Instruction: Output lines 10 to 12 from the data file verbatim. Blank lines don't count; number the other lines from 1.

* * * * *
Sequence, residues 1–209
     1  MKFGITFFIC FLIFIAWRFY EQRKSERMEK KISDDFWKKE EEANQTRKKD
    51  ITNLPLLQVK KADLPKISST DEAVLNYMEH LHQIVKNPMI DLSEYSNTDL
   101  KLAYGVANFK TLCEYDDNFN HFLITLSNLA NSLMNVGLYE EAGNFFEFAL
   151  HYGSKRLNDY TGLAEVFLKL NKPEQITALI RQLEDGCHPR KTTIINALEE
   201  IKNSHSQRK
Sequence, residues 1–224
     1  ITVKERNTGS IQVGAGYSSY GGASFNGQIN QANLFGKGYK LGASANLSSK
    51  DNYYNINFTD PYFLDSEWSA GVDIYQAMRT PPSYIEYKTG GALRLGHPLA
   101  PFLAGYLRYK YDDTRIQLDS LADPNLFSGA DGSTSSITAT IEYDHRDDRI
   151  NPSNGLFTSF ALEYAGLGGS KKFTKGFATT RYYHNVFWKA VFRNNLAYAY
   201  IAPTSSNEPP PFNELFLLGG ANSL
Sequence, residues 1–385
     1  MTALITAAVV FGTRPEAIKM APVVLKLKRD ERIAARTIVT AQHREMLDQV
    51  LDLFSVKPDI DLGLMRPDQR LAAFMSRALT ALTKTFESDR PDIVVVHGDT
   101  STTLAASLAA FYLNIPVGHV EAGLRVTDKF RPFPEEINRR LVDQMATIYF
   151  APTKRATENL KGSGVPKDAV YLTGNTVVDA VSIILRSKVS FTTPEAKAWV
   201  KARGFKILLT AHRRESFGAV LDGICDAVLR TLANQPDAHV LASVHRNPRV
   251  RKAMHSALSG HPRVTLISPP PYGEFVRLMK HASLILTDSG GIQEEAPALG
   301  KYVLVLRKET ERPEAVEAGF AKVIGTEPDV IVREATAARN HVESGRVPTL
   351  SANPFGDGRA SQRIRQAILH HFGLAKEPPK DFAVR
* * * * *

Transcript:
   101  PFLAGYLRYK YDDTRIQLDS LADPNLFSGA DGSTSSITAT IEYDHRDDRI
   151  NPSNGLFTSF ALEYAGLGGS KKFTKGFATT RYYHNVFWKA VFRNNLAYAY
   201  IAPTSSNEPP PFNELFLLGG ANSL